Birth Control Part Deux: Abortion

I recently posted a topic-starter in the “catholic Dialogs” devoted to the issue of conception control and why Catholics and Protestants have different motivations and methods in the practice. In a moment of carelessness, I mentioned that in the case of rape or where coming to term would kill the mother, abortion is not beyond my ability to comprehend. Here’s exactly what I said. “…I am against abortion in most cases, but possibly understanding it when the mother’s life is at stake (as long as it is her choice) and maybe in cases of rape…

I stand by that position, but it unecessarily confused the issue I wanted to discuss with Catholic friends about conception-control. So I unintentionally invited people to weigh-in on abortion, all of whom (so far) have disagreed with me on what I stated above. I am ok with that, but instead of funneling those comments and the potential debate into that section of the “catholic Dialogs,” I just decided to create some new space for it here.

So, without any attempt to offer a comprehensive defense of my developing stance, let me briefly say why I am where I am on abortion in cases of rape and mother mortality:

1) There are worse things than being killed. Having a biological mother who doesn’t want you is undeniably (and perhaps unendingly) painful and has proven to lead to abuse, neglect and general destruction. Unwanted and unloved children oftentimes (but no, not always) grow up to be abusive, illicit sex-having and irresponsible types who perpetuate potentially abortive situations. Abortion is certainly abuse, but it is over quickly.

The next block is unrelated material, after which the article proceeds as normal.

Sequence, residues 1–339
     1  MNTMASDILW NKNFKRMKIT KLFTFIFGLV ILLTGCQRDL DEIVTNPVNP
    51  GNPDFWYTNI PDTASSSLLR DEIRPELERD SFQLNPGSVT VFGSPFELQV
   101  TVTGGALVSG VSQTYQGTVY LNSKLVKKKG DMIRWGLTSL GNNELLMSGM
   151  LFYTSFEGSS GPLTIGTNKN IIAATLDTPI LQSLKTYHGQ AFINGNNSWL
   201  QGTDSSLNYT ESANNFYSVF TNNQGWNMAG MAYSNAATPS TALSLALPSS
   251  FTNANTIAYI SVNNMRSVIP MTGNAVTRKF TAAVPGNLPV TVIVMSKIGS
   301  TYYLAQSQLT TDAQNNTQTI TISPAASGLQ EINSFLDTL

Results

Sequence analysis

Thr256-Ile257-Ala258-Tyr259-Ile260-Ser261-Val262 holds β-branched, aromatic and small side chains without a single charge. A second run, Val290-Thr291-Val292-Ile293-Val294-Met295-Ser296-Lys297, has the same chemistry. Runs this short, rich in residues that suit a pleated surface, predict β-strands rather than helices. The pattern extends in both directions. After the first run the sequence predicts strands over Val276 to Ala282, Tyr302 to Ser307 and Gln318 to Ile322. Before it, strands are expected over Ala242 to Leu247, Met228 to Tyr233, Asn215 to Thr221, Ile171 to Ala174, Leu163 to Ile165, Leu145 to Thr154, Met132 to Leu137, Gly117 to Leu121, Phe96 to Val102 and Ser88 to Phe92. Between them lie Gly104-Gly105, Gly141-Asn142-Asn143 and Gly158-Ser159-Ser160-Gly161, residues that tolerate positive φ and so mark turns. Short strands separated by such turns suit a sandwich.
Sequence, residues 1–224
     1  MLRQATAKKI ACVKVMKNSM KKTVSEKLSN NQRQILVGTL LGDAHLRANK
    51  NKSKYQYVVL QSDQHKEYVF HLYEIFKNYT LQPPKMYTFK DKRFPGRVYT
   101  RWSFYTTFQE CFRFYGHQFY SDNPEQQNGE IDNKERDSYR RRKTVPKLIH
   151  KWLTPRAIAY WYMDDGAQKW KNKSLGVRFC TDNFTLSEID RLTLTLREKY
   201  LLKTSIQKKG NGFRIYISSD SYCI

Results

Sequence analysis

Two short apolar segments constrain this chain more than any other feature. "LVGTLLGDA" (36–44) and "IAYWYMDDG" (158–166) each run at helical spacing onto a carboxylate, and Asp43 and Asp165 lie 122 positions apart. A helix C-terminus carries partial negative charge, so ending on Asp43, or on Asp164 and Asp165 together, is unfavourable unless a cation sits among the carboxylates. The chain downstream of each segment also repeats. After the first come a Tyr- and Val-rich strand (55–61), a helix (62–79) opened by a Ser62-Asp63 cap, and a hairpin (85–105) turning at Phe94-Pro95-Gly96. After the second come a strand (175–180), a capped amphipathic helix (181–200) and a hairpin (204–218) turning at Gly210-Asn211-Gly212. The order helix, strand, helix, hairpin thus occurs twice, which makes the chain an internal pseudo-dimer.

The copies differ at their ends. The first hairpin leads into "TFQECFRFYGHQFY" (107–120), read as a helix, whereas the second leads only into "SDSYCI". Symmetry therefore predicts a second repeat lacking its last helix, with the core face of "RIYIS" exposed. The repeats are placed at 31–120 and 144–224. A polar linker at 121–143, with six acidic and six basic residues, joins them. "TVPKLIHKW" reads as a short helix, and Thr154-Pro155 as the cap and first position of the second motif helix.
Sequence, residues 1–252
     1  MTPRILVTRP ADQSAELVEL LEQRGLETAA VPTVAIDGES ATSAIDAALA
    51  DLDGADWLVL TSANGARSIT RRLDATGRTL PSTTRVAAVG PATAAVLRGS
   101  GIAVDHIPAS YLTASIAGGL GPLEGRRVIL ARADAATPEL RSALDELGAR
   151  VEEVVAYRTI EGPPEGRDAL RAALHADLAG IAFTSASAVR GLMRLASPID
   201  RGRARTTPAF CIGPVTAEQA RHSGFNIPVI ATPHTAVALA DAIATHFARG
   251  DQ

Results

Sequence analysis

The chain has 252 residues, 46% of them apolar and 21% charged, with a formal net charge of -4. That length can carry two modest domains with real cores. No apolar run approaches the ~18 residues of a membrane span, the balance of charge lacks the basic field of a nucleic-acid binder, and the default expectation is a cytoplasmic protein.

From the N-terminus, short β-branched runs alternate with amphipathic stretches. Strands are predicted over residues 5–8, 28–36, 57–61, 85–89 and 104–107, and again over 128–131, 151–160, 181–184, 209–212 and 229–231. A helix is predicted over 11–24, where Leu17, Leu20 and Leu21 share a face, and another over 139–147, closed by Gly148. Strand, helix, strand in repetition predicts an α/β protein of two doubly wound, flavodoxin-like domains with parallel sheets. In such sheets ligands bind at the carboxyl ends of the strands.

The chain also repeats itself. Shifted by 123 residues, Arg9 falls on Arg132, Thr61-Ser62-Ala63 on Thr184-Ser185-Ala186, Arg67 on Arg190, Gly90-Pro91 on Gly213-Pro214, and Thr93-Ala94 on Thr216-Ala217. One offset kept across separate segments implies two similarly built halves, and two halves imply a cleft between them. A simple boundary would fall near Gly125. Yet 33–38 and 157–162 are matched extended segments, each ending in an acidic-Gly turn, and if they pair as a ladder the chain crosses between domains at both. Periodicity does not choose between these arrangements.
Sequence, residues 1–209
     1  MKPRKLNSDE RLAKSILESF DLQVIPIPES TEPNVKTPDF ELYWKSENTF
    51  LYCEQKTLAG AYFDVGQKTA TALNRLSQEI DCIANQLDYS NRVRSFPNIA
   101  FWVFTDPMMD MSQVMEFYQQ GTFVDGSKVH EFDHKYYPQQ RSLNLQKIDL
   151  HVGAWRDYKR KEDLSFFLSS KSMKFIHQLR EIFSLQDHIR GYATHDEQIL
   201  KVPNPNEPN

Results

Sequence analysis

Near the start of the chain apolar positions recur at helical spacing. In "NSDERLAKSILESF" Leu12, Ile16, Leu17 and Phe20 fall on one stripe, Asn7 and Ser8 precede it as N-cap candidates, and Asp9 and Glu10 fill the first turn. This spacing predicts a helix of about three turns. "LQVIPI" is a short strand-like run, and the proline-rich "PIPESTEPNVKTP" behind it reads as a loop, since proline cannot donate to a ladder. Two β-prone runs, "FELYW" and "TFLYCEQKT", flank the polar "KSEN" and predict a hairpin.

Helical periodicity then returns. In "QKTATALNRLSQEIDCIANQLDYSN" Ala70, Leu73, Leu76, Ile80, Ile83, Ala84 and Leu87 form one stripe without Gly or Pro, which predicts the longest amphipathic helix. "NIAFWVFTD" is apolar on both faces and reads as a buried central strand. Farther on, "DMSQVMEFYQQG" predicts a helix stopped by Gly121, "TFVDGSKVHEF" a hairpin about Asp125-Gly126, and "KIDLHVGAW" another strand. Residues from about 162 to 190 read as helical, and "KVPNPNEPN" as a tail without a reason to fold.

2) There are worse things than going to heaven. Babies get a one-way ticket to heaven. Even if an unwilling mother doesn’t neglect, abuse and destroy her child after he or she is born, this doesn’t mean that the child will grow up to be a Christ follower. Abortion is terrible, but the results are guaranteed in more ways than one.

3) I can encourage potential mothers to have a self-sacrificng attitude on the issue, but it is simply not my call to make for them. To become a mother or avoid it is up to them and it is an issue between them and God, not me and them and God. The same can be said of anyone or anything else we might substitute for “me,” like an institution or the government etc. Becoming a mother should always be the choice of the mother. Rape takes that choice away as does terminal pregnancy. Motherhood is a bit moot if you’re dead after all.